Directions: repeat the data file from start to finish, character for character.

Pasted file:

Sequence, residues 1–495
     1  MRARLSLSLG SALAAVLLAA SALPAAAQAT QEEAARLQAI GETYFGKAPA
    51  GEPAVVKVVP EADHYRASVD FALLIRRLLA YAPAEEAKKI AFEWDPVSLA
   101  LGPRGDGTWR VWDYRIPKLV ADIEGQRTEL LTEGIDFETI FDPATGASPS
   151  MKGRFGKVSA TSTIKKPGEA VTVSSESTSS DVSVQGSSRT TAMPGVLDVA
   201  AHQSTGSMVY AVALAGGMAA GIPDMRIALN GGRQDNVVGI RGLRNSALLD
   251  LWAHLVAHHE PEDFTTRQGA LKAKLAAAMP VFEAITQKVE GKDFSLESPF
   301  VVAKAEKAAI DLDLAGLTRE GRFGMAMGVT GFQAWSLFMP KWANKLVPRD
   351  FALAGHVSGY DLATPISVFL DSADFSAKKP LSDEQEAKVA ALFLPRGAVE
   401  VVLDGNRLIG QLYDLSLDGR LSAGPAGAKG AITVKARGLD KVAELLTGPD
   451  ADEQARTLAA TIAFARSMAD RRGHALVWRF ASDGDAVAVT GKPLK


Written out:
Sequence, residues 1–495
     1  MRARLSLSLG SALAAVLLAA SALPAAAQAT QEEAARLQAI GETYFGKAPA
    51  GEPAVVKVVP EADHYRASVD FALLIRRLLA YAPAEEAKKI AFEWDPVSLA
   101  LGPRGDGTWR VWDYRIPKLV ADIEGQRTEL LTEGIDFETI FDPATGASPS
   151  MKGRFGKVSA TSTIKKPGEA VTVSSESTSS DVSVQGSSRT TAMPGVLDVA
   201  AHQSTGSMVY AVALAGGMAA GIPDMRIALN GGRQDNVVGI RGLRNSALLD
   251  LWAHLVAHHE PEDFTTRQGA LKAKLAAAMP VFEAITQKVE GKDFSLESPF
   301  VVAKAEKAAI DLDLAGLTRE GRFGMAMGVT GFQAWSLFMP KWANKLVPRD
   351  FALAGHVSGY DLATPISVFL DSADFSAKKP LSDEQEAKVA ALFLPRGAVE
   401  VVLDGNRLIG QLYDLSLDGR LSAGPAGAKG AITVKARGLD KVAELLTGPD
   451  ADEQARTLAA TIAFARSMAD RRGHALVWRF ASDGDAVAVT GKPLK